Synopsis by Janiss Garza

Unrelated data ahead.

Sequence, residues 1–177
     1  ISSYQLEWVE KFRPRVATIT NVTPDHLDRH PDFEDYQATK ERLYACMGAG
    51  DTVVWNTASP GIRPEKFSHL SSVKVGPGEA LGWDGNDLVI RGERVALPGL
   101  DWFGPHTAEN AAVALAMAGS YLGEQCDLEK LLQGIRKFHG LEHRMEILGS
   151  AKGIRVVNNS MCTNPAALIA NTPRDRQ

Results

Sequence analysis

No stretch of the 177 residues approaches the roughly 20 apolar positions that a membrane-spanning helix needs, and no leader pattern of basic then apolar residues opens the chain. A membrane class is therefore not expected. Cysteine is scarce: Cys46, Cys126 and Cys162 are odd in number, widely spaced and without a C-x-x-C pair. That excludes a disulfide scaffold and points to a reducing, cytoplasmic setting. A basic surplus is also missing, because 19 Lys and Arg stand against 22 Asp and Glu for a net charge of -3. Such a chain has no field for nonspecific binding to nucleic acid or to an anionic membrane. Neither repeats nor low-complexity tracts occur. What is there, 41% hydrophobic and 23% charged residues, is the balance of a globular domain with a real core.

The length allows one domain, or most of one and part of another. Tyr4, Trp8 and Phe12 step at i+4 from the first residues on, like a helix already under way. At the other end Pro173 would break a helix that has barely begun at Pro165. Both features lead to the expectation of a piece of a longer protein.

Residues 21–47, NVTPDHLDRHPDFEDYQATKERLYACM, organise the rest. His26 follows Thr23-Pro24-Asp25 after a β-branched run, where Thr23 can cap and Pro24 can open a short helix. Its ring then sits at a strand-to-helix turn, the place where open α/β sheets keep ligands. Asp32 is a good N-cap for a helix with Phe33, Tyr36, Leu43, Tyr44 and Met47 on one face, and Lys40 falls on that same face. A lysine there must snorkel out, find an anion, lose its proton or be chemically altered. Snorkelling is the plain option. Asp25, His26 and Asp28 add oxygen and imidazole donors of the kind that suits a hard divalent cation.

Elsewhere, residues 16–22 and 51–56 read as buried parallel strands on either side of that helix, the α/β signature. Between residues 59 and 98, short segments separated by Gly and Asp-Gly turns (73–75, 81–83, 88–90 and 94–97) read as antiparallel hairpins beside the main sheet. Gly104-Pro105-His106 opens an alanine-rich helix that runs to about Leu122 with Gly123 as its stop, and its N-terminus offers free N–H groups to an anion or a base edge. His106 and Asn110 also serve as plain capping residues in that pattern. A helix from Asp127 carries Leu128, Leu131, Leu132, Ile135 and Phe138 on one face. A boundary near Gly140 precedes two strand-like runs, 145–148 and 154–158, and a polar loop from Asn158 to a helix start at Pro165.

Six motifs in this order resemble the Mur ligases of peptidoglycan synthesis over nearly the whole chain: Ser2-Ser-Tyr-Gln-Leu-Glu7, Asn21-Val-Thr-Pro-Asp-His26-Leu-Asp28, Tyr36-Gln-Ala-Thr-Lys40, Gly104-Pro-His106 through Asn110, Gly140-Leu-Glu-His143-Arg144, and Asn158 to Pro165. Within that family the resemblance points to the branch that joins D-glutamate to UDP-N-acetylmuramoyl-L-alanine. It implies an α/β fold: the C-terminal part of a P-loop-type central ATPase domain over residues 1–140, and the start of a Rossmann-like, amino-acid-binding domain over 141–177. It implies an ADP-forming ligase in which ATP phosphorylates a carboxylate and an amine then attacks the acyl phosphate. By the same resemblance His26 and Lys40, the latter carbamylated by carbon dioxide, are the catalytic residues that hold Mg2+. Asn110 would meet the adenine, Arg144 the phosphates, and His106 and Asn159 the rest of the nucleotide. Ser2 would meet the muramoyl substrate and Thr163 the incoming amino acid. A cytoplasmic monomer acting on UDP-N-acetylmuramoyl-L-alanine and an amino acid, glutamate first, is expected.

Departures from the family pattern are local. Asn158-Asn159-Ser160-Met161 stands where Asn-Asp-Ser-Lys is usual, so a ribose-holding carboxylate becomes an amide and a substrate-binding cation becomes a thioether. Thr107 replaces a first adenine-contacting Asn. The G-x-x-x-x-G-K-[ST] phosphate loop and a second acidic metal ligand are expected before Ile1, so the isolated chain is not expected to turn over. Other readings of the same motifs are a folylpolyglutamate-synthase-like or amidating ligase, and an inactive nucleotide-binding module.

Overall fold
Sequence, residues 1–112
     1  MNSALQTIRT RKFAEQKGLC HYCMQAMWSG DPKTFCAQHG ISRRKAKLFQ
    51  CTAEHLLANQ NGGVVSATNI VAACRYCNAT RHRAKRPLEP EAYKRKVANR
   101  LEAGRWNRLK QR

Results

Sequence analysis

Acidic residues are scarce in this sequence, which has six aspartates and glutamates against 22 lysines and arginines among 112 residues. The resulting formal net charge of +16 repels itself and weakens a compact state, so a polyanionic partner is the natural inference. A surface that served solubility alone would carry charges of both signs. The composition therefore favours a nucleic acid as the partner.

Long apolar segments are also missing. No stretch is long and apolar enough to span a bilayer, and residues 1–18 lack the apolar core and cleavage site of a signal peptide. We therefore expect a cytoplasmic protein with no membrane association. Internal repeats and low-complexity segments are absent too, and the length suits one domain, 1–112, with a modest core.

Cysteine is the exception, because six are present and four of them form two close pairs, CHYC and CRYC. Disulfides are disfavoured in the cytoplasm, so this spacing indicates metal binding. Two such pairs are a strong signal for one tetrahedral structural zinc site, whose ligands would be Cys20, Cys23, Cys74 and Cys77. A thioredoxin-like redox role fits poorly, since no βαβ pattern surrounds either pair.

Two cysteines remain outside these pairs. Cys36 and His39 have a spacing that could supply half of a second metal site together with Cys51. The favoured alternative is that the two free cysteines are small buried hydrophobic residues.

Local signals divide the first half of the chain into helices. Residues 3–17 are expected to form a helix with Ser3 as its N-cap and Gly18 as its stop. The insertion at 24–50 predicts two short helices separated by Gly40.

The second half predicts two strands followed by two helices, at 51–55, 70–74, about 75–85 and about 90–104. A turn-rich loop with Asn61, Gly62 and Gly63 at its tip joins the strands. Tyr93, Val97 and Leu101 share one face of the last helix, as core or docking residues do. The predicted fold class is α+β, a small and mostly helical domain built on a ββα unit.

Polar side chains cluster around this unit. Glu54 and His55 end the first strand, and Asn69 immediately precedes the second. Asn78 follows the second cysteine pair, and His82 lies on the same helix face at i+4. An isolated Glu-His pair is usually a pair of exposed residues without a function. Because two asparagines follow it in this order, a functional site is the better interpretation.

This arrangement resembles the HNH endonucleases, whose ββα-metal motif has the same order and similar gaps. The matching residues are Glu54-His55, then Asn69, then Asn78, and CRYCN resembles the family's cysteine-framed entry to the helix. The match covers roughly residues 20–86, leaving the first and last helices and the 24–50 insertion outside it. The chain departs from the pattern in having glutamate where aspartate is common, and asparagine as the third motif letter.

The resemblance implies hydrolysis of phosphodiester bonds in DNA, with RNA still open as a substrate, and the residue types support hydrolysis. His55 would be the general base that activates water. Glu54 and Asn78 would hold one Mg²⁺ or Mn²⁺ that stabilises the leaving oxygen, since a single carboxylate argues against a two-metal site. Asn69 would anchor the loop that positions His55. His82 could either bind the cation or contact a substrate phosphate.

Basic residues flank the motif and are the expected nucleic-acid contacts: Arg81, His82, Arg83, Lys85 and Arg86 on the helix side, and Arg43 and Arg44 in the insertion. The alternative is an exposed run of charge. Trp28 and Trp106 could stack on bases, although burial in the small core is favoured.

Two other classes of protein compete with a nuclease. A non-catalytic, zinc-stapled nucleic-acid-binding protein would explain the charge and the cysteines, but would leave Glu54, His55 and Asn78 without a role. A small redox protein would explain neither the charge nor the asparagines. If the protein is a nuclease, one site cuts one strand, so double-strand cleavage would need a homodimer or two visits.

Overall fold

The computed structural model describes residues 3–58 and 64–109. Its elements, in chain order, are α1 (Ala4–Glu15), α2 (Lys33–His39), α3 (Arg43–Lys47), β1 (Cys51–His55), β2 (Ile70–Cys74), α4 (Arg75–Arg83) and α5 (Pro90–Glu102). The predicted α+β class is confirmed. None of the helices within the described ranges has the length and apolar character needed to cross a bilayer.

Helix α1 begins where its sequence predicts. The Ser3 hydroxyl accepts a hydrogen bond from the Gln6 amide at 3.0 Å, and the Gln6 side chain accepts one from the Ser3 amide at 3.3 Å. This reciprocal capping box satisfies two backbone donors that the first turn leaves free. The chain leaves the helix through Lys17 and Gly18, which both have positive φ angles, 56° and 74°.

Audrey Munson was a notorious model of the 1910s, mainly because she posed nude, or nearly nude, which was highly scandalous in those days. The New Rochelle-based Thanhouser studios were more than happy to cash in Munson's infamy by starring her in a number of films in which she played -- what else? -- a model. A young sculptor (Thomas Curran) has a vision of the perfect model to realize his ideals. His friends (George Mario and Bert Delaney) do their best to help him out by sending him several girls they believe will live up to his expectations, but none of them do. Then one day he is riding in a car that runs down a pretty young woman (Munson). The sculptor believes that she has what he is looking for and convinces her to pose for him. By the time he has finished the statue, he has fallen in love with her, but she believes he cares for one of the wealthy women who frequently comes to his studio. To his dismay, the girl vanishes and he can't find her. Finally, he runs across her just as she has come out of the hospital. He confesses his love and offers to take care of her.